Nature is declining globally at rates unprecedented in human history, a landmark new report has warned.
The study from the Intergovernmental Science-Policy Platform on Biodiversity and Ecosystem Services (IPBES), which is the most comprehensive of its kind, found that ecosystems are deteriorating quicker than ever.
Around one million animal and plant species are now threatened with extinction, many within decades, which is more than ever before in human history. The average abundance of native species in most major land-based habitats has fallen by at least 20 per cent, mostly since 1900.
Compiled by 145 expert authors from 50 countries over the past three years, the report assesses environmental changes over the past five decades and the relationship between economic development pathways and their impacts on nature. It also offers a range of possible scenarios for the coming decades.
Negative trends in nature will continue until 2050 and beyond in all of the policy scenarios explored in the report, except those that include transformative change, due to the projected impacts of increasing land-use change, the exploitation of organisms, and climate change.
The study highlights the importance of adopting integrated management and cross-sectoral approaches that take into account the trade-offs of food and energy production, infrastructure, freshwater and coastal management, and biodiversity conservation.
Also identified as a key element of more sustainable future policies is the evolution of global financial and economic systems to build a global sustainable economy, steering away from the current limited paradigm of economic growth.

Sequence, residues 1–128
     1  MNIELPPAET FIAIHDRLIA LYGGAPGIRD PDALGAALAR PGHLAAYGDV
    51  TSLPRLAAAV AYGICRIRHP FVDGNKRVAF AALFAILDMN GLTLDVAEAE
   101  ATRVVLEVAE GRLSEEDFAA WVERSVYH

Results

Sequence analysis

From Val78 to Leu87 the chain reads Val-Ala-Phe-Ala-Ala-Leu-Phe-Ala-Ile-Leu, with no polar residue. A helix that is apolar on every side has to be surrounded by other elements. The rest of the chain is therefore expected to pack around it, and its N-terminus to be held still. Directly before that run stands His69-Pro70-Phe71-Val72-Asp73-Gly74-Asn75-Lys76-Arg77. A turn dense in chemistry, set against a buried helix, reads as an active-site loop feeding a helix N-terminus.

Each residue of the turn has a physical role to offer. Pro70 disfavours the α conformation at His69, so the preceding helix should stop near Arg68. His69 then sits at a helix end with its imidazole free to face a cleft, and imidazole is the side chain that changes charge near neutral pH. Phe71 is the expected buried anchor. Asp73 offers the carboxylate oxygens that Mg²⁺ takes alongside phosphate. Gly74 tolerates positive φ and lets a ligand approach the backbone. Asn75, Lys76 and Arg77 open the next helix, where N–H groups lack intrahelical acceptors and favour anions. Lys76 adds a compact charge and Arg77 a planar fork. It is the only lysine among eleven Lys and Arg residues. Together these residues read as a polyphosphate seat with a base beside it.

“The health of ecosystems on which we and all other species depend is deteriorating more rapidly than ever,” said IPBES chair Sir Robert Watson. “We are eroding the very foundations of our economies, livelihoods, food security, health and quality of life worldwide.”
He added: “The report also tells us that it is not too late to make a difference, but only if we start now at every level from local to global.
“Through ‘transformative change’, nature can still be conserved, restored and used sustainably… By transformative change, we mean a fundamental, system-wide reorganization across technological, economic and social factors, including paradigms, goals and values.”
The report found that more than a third of the world’s land surface and nearly 75 per cent of freshwater resources are now devoted to crop or livestock production.
The value of agricultural crop production has increased by about 300 per cent since 1970, and approximately 60 billion tons of renewable and non-renewable resources are now extracted globally every year, having nearly doubled since 1980.
In addition, land degradation has reduced the productivity of 23 per cent of the global land surface, and up to £442 billion ($577 billion) in annual global crops is at risk from pollinator loss.
This has put 100-300 million people at increased risk of experiencing floods and hurricanes due to the loss of coastal habitats and protection.
Meanwhile, plastic pollution has increased tenfold since 1980, and fertilisers entering coastal ecosystems have produced more than 400 ocean ‘dead zones’, with a combined area greater than that of the UK.
Joanna Lewis, policy director at the Soil Association, commented: “This report from IPBES issues a stark warning – our over-use of the land and sea is eroding the natural foundations of our livelihoods and societies, and we simply cannot halt climate change without halting soil degradation.
“Soils hold three times more carbon than the atmosphere and all life depends on it for food. The rapid deterioration of our soils and the collapse of biodiversity is an environmental emergency alongside climate change.
“We urgently need policy that supports farmers to adopt nature friendly agroecological farming methods like agroforestry and organic, which put natural systems first and chemicals last. We call on the government to prioritise soil health and agroecology in the upcoming Agriculture and Environment Bills.”